1. I so enjoy it — and miss it when I am away.

      I grew up in Toronto, whose expressways have made access to Lake Ontario difficult and ugly unless you go way east or west (v difficult without a car) where there are several lovely waterfront parks. But a lake is much less interesting than a river! Especially this one, which also has a tide from the ocean, so the water changes direction and is salty quite far north.

      People easily forget that NYC is an island bounded by two rivers and the bay/ocean but I love the maritime traffic. One of the biggest thrills of my life here was an afternoon out in NYC harbor on a working tugboat.

  4. There is something about rivers…the constant flow, the power, the life they attract. Your view over the Hudson is eerily similar to ours over Lake Geneva, across to the Jura mountains. The Rhone river also flows through our lake, which perhaps explains why it feels so similar. Your views are stunning! I am struck by how far it is from anything urban, having imagined your big city life in New York. We tend to forget what a big country is the US, and how much space is around even the biggest urban areas.

    1. I do love our views….:-)

      Our apartment is nothing special (mid 1960s) or our building’s design, but its hilltop location and top floor location and knowing our views would never change (there is a low-level condo development across the street) was the deciding factor for me when we bought it in 1989. Only the trees are taller so we lose our view to foliage in the summer now.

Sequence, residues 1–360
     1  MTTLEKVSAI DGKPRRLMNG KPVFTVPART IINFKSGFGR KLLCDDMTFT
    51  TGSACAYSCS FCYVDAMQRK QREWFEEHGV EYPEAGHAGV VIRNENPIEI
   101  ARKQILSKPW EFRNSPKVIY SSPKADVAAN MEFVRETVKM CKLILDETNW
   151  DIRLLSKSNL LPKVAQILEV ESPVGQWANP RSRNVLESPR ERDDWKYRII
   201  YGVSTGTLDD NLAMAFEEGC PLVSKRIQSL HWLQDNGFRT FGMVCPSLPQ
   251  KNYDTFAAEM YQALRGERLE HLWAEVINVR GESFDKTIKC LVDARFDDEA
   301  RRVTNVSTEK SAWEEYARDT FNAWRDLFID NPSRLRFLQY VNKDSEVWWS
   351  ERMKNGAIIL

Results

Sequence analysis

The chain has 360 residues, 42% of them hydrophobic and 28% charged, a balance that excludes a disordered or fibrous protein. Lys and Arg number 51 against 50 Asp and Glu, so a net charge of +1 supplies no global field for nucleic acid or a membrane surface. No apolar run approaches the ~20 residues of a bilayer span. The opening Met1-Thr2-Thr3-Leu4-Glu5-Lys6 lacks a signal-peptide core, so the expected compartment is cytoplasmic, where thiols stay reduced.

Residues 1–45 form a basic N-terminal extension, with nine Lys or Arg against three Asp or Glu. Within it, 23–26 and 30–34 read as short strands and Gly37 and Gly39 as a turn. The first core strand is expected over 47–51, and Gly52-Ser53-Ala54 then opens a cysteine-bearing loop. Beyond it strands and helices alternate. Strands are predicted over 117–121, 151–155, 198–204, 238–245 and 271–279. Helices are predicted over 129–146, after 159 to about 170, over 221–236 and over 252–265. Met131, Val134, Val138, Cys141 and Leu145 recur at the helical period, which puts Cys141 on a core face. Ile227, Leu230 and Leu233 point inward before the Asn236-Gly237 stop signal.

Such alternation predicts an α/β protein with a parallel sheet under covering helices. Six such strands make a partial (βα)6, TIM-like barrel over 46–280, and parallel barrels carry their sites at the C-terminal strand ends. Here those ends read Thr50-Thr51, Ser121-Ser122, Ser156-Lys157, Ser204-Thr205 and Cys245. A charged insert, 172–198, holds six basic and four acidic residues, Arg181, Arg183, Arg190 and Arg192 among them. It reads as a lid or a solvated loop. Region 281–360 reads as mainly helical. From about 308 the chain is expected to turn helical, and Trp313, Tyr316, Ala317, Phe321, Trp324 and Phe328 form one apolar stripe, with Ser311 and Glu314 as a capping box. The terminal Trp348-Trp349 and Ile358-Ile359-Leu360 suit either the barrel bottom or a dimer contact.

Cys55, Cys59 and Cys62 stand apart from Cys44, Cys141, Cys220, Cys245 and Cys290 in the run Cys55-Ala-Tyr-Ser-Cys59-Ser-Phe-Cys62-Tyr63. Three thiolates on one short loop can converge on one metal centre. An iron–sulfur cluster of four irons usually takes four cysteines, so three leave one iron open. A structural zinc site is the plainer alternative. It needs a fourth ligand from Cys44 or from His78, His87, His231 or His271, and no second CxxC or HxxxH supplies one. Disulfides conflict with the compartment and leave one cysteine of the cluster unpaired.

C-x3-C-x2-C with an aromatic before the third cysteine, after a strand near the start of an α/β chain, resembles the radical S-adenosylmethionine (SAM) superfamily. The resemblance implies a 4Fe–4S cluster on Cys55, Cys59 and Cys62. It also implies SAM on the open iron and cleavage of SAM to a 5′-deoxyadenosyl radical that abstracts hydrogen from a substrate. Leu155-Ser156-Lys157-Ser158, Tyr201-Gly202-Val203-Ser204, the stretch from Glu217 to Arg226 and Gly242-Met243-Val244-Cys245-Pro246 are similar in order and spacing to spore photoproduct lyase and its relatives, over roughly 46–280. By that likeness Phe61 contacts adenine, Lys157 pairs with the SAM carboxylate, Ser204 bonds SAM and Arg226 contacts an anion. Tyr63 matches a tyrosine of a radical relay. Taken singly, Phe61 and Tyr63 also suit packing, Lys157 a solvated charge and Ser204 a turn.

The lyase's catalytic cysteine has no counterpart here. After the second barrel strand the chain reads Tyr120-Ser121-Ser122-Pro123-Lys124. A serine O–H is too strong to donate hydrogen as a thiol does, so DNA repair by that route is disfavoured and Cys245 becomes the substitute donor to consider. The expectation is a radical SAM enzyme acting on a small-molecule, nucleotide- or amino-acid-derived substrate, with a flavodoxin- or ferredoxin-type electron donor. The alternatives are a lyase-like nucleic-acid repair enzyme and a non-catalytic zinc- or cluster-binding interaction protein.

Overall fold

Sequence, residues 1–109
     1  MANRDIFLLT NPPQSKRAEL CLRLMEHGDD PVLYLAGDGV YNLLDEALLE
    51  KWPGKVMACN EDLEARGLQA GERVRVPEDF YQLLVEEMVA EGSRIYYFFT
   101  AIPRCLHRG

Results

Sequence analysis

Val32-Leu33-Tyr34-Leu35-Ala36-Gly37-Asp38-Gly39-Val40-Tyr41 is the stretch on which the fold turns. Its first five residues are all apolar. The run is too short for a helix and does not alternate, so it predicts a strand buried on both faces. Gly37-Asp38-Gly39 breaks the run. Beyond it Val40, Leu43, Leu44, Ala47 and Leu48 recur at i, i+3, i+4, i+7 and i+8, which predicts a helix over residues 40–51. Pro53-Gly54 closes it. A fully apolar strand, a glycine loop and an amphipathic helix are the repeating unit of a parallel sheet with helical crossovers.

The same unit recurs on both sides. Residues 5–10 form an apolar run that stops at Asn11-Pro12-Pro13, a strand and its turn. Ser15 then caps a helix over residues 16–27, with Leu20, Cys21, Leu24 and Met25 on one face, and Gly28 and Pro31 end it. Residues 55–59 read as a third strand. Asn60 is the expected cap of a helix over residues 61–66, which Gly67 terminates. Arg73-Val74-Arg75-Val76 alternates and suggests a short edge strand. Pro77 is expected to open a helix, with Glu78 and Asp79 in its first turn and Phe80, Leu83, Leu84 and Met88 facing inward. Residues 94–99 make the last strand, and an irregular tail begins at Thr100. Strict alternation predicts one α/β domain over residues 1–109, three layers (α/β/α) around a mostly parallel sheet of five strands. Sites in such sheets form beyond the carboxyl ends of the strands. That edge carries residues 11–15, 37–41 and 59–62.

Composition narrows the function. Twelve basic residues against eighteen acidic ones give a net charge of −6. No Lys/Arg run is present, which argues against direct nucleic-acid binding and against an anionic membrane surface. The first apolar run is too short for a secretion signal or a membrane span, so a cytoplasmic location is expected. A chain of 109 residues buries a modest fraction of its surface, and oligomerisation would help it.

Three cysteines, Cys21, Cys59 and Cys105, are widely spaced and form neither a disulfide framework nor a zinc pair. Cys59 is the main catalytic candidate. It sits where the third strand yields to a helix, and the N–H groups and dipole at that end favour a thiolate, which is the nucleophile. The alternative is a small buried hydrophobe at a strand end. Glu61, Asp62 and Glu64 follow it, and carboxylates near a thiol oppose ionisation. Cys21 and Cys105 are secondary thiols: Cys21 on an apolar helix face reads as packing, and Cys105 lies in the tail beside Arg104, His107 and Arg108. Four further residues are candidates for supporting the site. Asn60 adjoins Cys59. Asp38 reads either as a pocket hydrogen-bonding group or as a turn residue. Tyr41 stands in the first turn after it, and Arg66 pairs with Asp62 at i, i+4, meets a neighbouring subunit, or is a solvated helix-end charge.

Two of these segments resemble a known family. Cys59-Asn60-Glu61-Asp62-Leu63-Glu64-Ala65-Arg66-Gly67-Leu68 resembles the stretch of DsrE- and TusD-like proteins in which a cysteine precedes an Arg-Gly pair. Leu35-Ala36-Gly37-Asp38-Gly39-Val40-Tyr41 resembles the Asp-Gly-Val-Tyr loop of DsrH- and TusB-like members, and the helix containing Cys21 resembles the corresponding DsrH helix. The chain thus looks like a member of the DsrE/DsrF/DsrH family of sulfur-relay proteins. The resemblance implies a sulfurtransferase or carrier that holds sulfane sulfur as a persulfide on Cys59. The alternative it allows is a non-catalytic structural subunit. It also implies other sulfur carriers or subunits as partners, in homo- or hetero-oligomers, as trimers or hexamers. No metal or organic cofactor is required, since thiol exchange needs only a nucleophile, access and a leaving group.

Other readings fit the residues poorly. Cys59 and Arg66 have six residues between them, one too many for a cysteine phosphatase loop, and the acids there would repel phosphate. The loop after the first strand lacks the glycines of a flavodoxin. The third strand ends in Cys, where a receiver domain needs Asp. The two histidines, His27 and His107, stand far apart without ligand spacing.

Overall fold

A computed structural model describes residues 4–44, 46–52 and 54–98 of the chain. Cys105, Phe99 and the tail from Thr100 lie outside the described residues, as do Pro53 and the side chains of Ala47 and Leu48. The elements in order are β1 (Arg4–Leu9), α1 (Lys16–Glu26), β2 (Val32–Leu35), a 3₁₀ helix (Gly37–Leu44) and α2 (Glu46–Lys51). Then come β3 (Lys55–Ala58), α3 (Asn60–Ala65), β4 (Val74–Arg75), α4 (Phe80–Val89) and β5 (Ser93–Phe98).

I am in Manhattan a lot (3x this week) and we can see (!??) the towers of downtown from our street, even 25 miles north — but even this short distance away makes for a different lifestyle. We have a 750 acre forest (land donated by the Rockefellers, who live a 10 minute drive from us) to wander in as well.

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  6. Awesome photos! You are very lucky so have such a wonderful view. I am from Ontario and would love to see the Hudson, and New York City. I have only seen it on movies/tv but your photos show a different perspective. I agree that the waterfront in Toronto is shadowed by the ugly expressways surrounding it, not to mention all of the condos that have been built in the recent years.

    1. Thanks!

      When I moved to Tarrytown (originally from Toronto) we had a very tight budget and it was the height of the market…there were very very few apartments even available for us to buy. The second I saw that view (and the apt. was in poor condition) I said YES!

      I always urge visitors to NY to spend some time on the riverfront — where there are walking and bike paths, even bars right on the Hudson. The East River is more of a working river and doesn’t have the stunning geography.

      Toronto has really blown it…:-)

  7. I have always loved rivers, having grown up with one in my front yard – the Thames River forks at the heart of London, Ontario. The one fork, the south branch, heads off through the village where I grew up. Not as grand as the Hudson, but my river. : ) Beautiful shots.

      1. Yes, they are rather unassuming, yet if you care for them they will care for you. Oceans are almost gaudy in comparison. ; ) Though I love Oceans, but they do not speak to me like rivers do. Oceans are mysterious, rivers are open and honest.